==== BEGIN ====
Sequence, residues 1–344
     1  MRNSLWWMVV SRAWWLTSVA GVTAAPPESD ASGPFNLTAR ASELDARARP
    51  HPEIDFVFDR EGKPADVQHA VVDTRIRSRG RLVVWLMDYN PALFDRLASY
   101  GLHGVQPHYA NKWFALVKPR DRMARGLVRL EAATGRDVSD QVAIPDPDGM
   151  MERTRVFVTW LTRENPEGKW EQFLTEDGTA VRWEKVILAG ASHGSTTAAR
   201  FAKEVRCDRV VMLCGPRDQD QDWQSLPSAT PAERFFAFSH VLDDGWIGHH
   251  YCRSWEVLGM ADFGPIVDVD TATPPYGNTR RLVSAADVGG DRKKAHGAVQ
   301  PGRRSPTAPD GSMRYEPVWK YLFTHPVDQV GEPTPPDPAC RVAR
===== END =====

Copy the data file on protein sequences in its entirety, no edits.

Sequence, residues 1–344
     1  MRNSLWWMVV SRAWWLTSVA GVTAAPPESD ASGPFNLTAR ASELDARARP
    51  HPEIDFVFDR EGKPADVQHA VVDTRIRSRG RLVVWLMDYN PALFDRLASY
   101  GLHGVQPHYA NKWFALVKPR DRMARGLVRL EAATGRDVSD QVAIPDPDGM
   151  MERTRVFVTW LTRENPEGKW EQFLTEDGTA VRWEKVILAG ASHGSTTAAR
   201  FAKEVRCDRV VMLCGPRDQD QDWQSLPSAT PAERFFAFSH VLDDGWIGHH
   251  YCRSWEVLGM ADFGPIVDVD TATPPYGNTR RLVSAADVGG DRKKAHGAVQ
   301  PGRRSPTAPD GSMRYEPVWK YLFTHPVDQV GEPTPPDPAC RVAR